Big money people are very good to their chosen political poodles. Somehow these politicians end up as big money people. George Walker Bush is no exception. Big money backed his failures in the oil business, Arbusto and Harken. Bush made over $800,000 from the Harken failure alone. Big money then set him up with the Texas Rangers baseball team.

Borrowing $500,000 from a Midland, Texas bank of which he had once been a director and adding in $106,302 of "his" money Bush gets 1.8% of the action, George Walker Bush ended up as co-general managing partner of the Texas Rangers. Somebody who knew what he was doing was the actual boss while Bush supplied window dressing. His big money buddies then added to the Bush stake so that he ended up with 11.8% of the deal.

When Bush became governor of Texas in 1995, he put his assets in a blind trust, keeping out, however, his stake in the Texas Rangers. Did he know something was going to happen?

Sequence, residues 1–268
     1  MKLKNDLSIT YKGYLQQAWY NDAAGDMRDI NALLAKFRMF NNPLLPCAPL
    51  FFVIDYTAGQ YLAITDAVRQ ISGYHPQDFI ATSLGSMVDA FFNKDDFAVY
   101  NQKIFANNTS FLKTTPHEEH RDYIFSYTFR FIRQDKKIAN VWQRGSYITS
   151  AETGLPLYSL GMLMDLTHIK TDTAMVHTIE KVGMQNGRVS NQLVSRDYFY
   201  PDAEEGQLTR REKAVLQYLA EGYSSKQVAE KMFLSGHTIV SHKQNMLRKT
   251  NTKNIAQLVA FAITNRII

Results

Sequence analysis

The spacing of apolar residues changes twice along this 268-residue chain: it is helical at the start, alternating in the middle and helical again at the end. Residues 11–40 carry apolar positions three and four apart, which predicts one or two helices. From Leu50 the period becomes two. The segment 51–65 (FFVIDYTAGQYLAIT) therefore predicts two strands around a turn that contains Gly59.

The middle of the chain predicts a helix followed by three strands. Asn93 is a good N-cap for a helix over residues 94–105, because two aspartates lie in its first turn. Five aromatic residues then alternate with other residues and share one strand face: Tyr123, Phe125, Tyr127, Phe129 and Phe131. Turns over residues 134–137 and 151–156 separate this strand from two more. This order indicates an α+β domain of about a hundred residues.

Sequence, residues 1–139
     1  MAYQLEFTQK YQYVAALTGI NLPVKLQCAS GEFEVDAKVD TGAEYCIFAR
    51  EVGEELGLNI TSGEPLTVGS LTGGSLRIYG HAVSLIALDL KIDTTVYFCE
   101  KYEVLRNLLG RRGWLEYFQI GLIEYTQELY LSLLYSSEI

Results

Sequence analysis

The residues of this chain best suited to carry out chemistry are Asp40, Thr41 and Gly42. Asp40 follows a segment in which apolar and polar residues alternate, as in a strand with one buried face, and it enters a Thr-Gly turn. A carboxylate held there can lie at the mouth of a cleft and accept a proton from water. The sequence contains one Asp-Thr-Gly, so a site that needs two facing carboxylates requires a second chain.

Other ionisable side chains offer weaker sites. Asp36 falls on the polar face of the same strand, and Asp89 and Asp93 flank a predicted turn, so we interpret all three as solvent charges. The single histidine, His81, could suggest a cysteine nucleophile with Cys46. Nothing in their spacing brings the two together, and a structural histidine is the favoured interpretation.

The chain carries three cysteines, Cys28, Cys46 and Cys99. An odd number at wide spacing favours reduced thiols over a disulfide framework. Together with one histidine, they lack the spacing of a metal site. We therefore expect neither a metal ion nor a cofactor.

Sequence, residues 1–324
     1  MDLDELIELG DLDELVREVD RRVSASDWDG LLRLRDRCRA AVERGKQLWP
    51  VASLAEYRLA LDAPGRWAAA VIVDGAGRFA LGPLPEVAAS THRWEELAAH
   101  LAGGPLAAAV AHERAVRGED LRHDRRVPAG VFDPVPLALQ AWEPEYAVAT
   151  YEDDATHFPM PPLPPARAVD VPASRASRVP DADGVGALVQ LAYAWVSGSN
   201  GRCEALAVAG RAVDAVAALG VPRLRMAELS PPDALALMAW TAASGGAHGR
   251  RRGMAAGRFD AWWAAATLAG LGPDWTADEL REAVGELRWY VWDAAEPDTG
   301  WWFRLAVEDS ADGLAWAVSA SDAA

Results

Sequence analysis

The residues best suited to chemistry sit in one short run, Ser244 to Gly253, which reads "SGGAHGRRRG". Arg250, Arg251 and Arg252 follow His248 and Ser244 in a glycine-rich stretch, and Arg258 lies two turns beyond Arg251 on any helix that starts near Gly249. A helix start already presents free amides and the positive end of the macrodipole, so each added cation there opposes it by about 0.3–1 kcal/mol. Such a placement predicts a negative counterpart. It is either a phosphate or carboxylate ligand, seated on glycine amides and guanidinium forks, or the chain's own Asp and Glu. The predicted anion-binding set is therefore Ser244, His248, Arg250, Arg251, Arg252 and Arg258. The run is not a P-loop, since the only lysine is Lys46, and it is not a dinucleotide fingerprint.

Charles Lewis and the Center for Public Integrity publish a series of books called "The Buying of the President." The 2004 edition picks up the story on page 154.

Thomas Hicks was then Chairman of the Hicks, Muse, Tate and Furst investment firm. "Hicks and the firm's employees rank nineteenth as Bush's career patrons, having given him at least $233,000. But in 1998, Hicks helped provide Bush with an even greater windfall: he bought the Texas Rangers for $250,000,000, three times what Bush and his partners had paid ten years earlier. . . . [Bush's] cut from the proceeds of the sale was $14.9 million, nearly a 25 fold return on his investment."